The CNN/ORC survey also demonstrates clear majority support for a lengthy list of stronger gun laws. Some, garner near universal support, such as "preventing certain people, like convicted felons or people with mental health problems, from owning guns" (91% favor). Even Tea Party supporters strongly support this law (92%). In fact, only two of the proposals tested were unpopular, and they are not even up for real discussion: limiting the number of guns a person could own (45% favor, 54% oppose) and preventing all Americans from owning guns (10% favor).
Further, voters say they want to hear more from the presidential candidates on guns. In the Quinnipiac/NYT poll, pluralities in the three swing states say the candidates are "spending too little time talking about laws covering gun sales."
Voters want something to happen. They want our elected leaders to act. Demand a plan. When asked about specific sensible gun laws, support is there. Let's get started. Ask the candidates to talk about the issue. Ask Presidential debate moderators to ask a question of President Obama and Mitt Romney about their plan to prevent senseless shootingsCommon sense says it's time to act.

Instead, we continue to see more senseless shootings. As long as we don't act, they will continue.

There was an alleged politically motivated shooting at a conservative organization in Washington D.C.
A law enforcement official said the gunman made some remarks opposing the Family Research Council's policies before opening fire.
A source working with the DC Center for the LGBT Community told CNN that Corkins had worked as a volunteer at the center.
David Mariner, executive director of that center, released a statement Wednesday night saying he was "shocked to hear that someone who has volunteered with the DC Center could be the cause of such a tragic act of violence.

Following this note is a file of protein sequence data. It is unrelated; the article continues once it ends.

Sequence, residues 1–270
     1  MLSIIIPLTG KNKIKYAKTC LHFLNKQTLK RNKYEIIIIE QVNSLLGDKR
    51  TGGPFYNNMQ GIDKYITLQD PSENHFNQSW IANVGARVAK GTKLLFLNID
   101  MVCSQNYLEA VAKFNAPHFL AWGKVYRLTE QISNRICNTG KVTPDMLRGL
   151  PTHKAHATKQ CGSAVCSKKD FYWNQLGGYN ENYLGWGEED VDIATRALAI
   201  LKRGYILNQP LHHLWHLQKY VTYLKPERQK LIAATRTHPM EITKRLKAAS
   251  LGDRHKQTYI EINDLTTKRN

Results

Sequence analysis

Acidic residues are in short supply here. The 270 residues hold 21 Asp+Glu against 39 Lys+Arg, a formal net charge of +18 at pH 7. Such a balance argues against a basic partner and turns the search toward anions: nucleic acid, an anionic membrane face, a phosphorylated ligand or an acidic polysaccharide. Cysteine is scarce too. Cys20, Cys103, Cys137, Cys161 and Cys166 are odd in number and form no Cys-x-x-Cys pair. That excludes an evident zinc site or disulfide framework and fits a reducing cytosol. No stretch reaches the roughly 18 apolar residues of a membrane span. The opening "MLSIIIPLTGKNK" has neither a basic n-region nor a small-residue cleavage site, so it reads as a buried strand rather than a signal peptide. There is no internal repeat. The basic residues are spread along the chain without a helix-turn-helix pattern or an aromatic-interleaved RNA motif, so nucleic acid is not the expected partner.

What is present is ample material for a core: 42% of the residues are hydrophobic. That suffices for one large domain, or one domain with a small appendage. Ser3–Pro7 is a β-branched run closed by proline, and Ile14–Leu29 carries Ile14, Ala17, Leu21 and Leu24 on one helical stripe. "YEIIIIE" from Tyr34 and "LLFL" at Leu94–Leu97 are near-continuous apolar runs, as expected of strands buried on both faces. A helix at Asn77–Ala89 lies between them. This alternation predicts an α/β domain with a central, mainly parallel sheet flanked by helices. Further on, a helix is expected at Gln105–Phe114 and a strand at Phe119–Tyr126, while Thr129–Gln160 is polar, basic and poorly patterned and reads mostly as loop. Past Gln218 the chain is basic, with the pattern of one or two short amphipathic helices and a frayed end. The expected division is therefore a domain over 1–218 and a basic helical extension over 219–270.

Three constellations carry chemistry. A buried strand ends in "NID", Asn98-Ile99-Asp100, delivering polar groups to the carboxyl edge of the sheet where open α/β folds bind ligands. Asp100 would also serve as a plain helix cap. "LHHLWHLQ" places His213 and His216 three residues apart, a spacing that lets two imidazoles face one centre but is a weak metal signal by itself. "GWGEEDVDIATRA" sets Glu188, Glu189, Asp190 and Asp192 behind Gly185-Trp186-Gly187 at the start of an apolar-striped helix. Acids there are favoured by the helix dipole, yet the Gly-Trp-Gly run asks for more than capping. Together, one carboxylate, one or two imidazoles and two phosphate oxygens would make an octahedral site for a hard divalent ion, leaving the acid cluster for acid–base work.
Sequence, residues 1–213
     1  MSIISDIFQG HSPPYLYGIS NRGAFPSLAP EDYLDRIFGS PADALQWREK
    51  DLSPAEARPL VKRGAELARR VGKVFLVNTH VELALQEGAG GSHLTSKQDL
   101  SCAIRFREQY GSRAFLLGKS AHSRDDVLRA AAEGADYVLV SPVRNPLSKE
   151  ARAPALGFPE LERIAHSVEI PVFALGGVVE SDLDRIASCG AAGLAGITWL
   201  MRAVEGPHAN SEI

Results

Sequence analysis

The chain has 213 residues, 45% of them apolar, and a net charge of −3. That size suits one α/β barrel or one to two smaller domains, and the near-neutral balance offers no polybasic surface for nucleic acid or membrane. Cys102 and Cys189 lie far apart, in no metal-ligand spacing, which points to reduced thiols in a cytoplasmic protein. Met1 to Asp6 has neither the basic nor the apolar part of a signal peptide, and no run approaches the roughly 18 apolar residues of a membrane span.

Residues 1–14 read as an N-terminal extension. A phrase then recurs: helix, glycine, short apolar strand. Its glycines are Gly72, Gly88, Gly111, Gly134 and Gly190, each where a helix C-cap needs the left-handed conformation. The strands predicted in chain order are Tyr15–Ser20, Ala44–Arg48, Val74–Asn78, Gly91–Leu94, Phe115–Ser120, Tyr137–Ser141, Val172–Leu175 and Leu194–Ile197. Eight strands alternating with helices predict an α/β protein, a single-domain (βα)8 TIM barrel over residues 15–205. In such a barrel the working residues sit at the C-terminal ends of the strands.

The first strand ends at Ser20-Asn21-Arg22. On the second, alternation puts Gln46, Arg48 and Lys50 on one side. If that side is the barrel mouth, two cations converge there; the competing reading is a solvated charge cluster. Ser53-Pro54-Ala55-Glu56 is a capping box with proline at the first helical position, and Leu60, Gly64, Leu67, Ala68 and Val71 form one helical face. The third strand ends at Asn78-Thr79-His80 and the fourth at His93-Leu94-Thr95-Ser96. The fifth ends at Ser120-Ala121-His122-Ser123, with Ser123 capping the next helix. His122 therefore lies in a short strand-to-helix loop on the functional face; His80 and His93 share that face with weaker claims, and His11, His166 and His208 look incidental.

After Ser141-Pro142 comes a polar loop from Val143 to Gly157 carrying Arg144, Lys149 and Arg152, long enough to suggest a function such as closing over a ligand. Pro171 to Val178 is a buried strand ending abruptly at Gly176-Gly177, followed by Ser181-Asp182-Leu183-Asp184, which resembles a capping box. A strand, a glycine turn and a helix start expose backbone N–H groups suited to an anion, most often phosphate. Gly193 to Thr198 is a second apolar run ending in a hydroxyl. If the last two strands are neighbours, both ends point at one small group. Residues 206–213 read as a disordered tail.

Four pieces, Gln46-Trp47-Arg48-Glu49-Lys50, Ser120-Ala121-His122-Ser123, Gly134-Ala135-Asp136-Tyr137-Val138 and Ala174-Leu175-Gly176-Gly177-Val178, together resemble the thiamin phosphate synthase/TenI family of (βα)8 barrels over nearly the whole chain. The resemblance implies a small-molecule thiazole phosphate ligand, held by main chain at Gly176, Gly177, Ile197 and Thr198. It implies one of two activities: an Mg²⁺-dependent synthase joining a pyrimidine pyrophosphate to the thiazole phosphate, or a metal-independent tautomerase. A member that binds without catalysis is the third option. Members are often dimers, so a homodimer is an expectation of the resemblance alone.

"No matter the circumstances, we condemn such violence in the strongest terms possible. We hope for a full and speedy recovery for the victim and our thoughts are with him and his family," Mariner said in the statement.
Warning signs of violence: What to do
A backpack and a vehicle believed to belong to the suspect were recovered, the law enforcement official told CNN.
The suspect's weapon was a legally obtained 9mm handgun, according to another law enforcement official. The suspect had obtained the weapon "fairly recently" from a gun shop in Virginia.
The council is a Christian group that has pushed family and anti-abortion issues and religious liberties. It has been a leading opponent of same-sex marriage.
The Family Research Council recently backed restaurant chain Chick-fil-A after the company's president, Dan Cathy, said the company supports traditional marriage.
And another two law enforcement officers are dead and 3 people injured in Louisiana in an "ambush":
The first shooting happened in a parking lot at a steel plant in LaPlace, about 25 miles west of New Orleans, St. John the Baptist Parish Sheriff Mike Tregre said. The second happened when the deputies went to a nearby trailer park to investigate the first shooting and were ambushed by a man armed with what Tregre described as an assault rifle, he said.
In addition to the two wounded deputies, two of the five people taken into custody were hospitalized with gunshot wounds, Louisiana State Trooper Melissa Matey said. Tregre said investigators were still sorting out what role those detained may have had in the shootings.
I have collected just a few articles about recent shootings involving those "law abiding" gun permit holders which you can read below.

This Pennsylvania legal gun permit holder went nuts and started shooting at other drivers on a local street. Where is common sense?

A Witchita shooter's gun was returned to him after he was arrested just because he was a gun permit holder. He later shot a security guard at a store. Where is common sense? These are the laws the NRA has supported in state after state.

This "law abiding" Virginia gun permit holder took out his anger, or whatever, on his wife, leaving her in critical condition. Women are at risk in domestic cases and are shot every day. This woman is alive but is making excuses for her husband. That is not atypical for domestic abuse victims. There are no excuses for shooting someone. Where is common sense?